• Phil Sykes

          Thanks for your support my surgery is scheduled for July 25 and Im counting the days

          Once Again
          Thank You

          • Scott Lewis

            Phil, good luck with your surgery. It will be over before you know it and you’ll be on your way to recovery. When you feel up to it, feel free to share your experience.

          • Cassie Destino

             Phil, I am having the same surgery on July 25th too. This site has been really helpful to me (thank you!). Best of luck to both of us…all of us, in fact.

            • Scott Lewis

               Cassie, good luck with your surgery too. I hope everything goes smoothly and you’re quickly on the road to recovery.

    • Brenda T

      Thanks for this blog. I have not found as much information about this surgery as I had hoped, but your blog keeps coming up on google. I had a single level fusion at 5/6 one year and 8 months ago. I continued to have trouble and a myelogram back in December showed that my fusion failed and that the disc below is not long from blowing out. And, so, in two weeks and some change, I’ll be heading in for a revision and additional fusion. It was all I could do to mentally prepare for the first surgery and I can’t tell you how many times I’ve cried in front of my surgeon as it became more and more apparent that the need for a second surgery was imminent. I am trying not to be a baby, but I’m just flat out scared. I was supposed to be back to my normal life by now….not facing this. :( Anyhow, enough whining, just wanted to say thanks again for this blog. It is comforting to hear your story. I hope you are back to yourself now. God bless you.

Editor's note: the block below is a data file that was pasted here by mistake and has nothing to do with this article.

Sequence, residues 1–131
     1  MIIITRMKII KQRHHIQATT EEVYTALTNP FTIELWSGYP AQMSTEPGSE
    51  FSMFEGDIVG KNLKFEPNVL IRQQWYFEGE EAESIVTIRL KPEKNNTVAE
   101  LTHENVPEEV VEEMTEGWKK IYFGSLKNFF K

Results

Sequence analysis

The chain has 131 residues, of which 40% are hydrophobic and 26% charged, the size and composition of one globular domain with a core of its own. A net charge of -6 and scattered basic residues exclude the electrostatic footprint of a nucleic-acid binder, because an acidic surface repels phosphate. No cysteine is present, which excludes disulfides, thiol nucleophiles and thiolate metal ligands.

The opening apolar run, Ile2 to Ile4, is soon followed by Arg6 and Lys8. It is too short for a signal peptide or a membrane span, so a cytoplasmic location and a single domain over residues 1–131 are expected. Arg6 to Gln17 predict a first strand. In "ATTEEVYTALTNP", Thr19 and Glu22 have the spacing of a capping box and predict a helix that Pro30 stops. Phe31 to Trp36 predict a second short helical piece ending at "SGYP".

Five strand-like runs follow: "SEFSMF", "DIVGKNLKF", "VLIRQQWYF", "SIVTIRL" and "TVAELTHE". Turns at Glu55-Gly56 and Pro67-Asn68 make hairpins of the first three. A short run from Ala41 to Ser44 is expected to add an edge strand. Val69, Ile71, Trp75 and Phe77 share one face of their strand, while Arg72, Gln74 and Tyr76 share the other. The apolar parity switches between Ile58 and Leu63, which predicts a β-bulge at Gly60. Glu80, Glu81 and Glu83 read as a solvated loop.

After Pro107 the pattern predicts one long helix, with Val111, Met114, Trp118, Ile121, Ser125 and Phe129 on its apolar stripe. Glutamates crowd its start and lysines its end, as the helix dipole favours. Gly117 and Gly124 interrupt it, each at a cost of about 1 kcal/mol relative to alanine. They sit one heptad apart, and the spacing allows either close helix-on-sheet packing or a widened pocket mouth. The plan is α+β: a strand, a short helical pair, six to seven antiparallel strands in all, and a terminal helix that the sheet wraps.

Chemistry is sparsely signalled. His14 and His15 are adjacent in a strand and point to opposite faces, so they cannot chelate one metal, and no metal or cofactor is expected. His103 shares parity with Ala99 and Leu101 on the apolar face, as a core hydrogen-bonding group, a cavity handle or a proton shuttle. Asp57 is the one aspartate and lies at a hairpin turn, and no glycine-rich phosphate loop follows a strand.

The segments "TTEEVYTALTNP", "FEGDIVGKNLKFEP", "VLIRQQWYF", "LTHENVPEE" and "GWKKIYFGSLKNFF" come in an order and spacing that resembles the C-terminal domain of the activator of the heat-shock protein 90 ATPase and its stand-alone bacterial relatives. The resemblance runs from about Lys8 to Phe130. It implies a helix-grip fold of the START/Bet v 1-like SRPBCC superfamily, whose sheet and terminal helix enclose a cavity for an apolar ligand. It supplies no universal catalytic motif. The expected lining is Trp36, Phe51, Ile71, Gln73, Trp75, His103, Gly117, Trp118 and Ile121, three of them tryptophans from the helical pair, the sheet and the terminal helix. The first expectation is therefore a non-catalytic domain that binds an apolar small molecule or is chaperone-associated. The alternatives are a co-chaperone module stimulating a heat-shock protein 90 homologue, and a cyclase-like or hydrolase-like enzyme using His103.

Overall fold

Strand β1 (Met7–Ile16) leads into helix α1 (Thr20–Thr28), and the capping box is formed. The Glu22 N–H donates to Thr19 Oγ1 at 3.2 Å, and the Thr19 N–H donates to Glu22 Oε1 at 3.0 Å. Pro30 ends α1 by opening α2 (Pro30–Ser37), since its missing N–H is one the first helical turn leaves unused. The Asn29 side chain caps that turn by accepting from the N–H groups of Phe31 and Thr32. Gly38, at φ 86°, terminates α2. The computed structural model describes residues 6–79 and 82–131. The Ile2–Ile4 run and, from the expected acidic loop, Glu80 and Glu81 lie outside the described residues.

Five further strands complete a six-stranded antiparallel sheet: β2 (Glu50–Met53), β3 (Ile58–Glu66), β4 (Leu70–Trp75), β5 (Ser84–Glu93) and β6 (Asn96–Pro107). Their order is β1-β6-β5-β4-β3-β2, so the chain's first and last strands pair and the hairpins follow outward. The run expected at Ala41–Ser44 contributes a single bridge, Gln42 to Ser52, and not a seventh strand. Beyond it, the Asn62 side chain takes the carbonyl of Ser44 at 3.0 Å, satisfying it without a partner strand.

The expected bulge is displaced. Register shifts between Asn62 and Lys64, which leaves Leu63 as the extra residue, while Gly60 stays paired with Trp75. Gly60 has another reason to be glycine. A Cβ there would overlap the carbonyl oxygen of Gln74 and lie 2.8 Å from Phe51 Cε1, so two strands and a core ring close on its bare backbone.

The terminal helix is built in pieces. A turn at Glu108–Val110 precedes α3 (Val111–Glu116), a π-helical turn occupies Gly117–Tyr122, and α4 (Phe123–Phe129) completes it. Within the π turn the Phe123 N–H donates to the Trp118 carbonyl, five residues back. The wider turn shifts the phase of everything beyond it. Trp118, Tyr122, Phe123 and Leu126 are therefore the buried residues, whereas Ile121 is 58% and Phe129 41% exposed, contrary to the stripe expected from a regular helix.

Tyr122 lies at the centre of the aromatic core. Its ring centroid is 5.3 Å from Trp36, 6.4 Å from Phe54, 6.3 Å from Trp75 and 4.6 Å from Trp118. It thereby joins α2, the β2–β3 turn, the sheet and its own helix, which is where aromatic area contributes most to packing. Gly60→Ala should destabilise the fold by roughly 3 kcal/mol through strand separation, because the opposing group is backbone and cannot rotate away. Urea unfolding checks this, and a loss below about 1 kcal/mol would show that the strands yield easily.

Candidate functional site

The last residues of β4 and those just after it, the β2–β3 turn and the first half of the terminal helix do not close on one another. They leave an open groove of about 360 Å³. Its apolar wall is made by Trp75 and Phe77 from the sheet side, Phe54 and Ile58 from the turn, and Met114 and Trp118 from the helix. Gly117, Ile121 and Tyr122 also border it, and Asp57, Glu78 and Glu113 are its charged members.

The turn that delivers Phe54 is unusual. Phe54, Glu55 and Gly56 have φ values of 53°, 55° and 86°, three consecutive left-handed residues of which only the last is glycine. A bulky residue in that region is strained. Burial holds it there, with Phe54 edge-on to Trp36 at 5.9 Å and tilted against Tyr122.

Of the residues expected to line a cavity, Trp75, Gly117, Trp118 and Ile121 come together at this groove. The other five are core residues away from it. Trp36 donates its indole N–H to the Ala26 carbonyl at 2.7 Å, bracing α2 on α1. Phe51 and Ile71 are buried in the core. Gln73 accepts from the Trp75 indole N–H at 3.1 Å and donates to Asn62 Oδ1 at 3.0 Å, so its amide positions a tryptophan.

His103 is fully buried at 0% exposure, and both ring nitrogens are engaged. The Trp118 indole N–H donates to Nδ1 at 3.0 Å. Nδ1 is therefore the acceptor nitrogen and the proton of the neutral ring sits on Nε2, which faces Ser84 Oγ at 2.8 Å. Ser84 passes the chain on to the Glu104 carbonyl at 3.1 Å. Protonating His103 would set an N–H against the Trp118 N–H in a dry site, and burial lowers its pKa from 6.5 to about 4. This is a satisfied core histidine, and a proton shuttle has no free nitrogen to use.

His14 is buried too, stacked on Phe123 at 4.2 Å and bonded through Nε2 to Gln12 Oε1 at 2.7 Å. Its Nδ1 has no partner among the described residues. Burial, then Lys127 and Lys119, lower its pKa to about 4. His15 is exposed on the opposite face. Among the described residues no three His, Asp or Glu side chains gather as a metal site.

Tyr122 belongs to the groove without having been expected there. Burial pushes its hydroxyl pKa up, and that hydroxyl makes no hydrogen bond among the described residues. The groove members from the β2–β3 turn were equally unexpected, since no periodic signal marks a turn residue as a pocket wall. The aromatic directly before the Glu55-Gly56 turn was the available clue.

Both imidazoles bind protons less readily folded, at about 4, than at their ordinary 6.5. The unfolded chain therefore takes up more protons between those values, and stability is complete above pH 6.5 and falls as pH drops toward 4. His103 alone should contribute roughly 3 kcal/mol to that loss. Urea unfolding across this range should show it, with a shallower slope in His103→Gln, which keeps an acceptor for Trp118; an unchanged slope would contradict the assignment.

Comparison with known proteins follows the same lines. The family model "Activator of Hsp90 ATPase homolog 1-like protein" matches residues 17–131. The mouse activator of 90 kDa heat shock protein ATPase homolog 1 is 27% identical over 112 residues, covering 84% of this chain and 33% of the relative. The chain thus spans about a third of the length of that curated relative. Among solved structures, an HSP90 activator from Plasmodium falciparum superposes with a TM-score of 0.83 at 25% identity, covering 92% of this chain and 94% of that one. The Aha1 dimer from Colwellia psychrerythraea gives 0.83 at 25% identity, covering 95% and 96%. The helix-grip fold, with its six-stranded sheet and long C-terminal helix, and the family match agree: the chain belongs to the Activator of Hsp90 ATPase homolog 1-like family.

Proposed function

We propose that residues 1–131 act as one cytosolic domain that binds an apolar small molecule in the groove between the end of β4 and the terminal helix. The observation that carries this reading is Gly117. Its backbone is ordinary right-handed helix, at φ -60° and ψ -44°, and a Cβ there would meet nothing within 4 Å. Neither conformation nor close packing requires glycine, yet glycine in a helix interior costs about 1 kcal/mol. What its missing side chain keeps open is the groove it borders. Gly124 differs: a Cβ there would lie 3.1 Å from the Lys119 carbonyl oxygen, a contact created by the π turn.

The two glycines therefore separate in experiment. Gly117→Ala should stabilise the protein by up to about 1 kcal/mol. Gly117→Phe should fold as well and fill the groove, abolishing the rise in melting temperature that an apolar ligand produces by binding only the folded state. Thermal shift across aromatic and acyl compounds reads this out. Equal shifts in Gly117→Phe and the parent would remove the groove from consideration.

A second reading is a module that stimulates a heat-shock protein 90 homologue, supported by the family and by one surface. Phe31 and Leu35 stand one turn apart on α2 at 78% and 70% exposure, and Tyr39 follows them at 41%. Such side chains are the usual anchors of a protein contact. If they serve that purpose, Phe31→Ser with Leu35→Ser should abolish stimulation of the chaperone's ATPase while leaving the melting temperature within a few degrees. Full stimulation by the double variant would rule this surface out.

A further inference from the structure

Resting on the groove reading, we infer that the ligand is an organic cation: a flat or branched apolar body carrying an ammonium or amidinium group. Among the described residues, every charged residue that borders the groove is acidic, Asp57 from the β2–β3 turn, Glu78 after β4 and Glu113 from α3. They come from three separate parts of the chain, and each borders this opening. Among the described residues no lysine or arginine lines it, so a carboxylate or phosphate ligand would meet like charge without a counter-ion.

• Scott Lewis

        Hi Brenda. I’m really sorry to hear that you have to have revision surgery. George, the other blogger on this site, and I both have had revision surgery so I can relate to the fear and the discouragement of that prospect. I cried in front of my surgeon when I found out I needed a second surgery as well.

        I was terrified the first time around though not quite as much the second time. But I felt completely discouraged the second time because it took all of my mental strength to get through the recovery. I felt like I had nothing left the second time around. I fell into a depression and it took me a long time to come out.